"I think this is a really important moment for West Africa, and highly significant for Nigeria," said Vines.  "This is the best election in memory for Nigeria, and hopefully will provide a sound basis for Nigeria to reassert itself as one of the major countries of Africa."

In many respects, he said, Nigeria is already taking a more strident position in international affairs.

Jonathan, Vines says, has been unusually outspoken in favor of military reforms for the tiny, drug cartel-troubled state of Guinea-Bissau.

He also inserted himself into the center of last month's Ivory Coast conflict.  Nigeria co-sponsored a United Nations resolution for a military intervention to remove the country's incumbent president, Laurent Gbagbo, when he refused to concede a November 28 election.

In contrast, Africa's wealthiest and most influential nation, South Africa, offered Gbagbo a power-sharing agreement that Ivorian and Nigerian leaders harshly criticized.

That geopolitical clash between South Africa and Nigeria, Vines says, may be the first in a long tilt of power on the continent.

"Many people have missed the long term, forward modeling of where the world will be in 2030," added Vines.  "Nigeria could be a top 20 global economy - the only one in Africa, not South Africa. That's the potential for Nigeria if it gets its internal politics right."

However widely accepted its latest election, Nigeria still faces immense human rights crises that will compromise its ability to speak with authority on the world stage, according to Human Rights Watch researcher Eric Guttschuss.

Guttschuss says the country has yet to fully address brutality in its security forces, and corruption in its treasury.

"We have seen a significant improvement in these last polls, but [chief among] the steps going forward is to address these very deep seated issues of corruption, of political violence, of impunity for all classes, of human rights violations as well as abuses by the police and other security forces," noted Guttschuss.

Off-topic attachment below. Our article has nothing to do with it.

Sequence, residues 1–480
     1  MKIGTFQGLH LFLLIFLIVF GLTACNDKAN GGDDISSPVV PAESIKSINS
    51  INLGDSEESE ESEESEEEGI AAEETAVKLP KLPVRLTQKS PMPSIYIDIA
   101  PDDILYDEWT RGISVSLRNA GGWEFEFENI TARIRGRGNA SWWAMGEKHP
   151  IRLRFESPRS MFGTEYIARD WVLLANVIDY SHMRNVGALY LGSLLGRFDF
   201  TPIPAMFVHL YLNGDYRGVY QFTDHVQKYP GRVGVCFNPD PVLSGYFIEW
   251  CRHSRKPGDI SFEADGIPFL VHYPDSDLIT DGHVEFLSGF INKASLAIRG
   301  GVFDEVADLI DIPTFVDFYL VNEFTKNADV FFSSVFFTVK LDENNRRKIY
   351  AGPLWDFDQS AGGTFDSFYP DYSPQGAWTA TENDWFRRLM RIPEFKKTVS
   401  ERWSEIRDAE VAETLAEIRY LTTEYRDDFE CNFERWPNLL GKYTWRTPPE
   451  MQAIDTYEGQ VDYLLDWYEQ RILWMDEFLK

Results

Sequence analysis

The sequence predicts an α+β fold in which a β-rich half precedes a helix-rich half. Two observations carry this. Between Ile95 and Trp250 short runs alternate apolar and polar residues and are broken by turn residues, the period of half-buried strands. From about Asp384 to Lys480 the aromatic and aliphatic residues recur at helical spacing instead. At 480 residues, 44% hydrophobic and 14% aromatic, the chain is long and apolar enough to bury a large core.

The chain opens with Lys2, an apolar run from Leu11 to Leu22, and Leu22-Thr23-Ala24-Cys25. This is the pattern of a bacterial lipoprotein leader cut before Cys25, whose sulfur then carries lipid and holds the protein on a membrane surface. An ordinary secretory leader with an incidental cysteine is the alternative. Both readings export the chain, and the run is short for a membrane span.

If that can be accomplished, analysts say, Nigeria has a future as not only an African leader, but a world leader.

You May Like

Bernie Sanders Surge Reflects US Shift on Socialism

Although most analysts say it is unlikely he will get the Democratic nomination, Sanders' campaign opens up questions and issues that are otherwise marginalized More

Crowdfunding Helps Save Neil Armstrong's Spacesuit

Smithsonian turns to Kickstarter to raise more than $700,000 to help preserve the spacesuit worn by the first man to walk on the moon More

Video On IS Frontline, Kurdish Fighters Ready for Offensive

Peshmerga soldiers say although they need more heavy artillery, they are poised to take the fight to the Islamic State extremists on their turf More

This forum has been closed.
Comments
     
There are no comments in this forum. Be first and add one

Featured Videos

Your JavaScript is turned off or you have an old version of Adobe's Flash Player. Get the latest Flash player.
Drowned Migrant Toddler Photo Triggers European Outragei
X
Henry Ridgwell
September 04, 2015 11:36 AM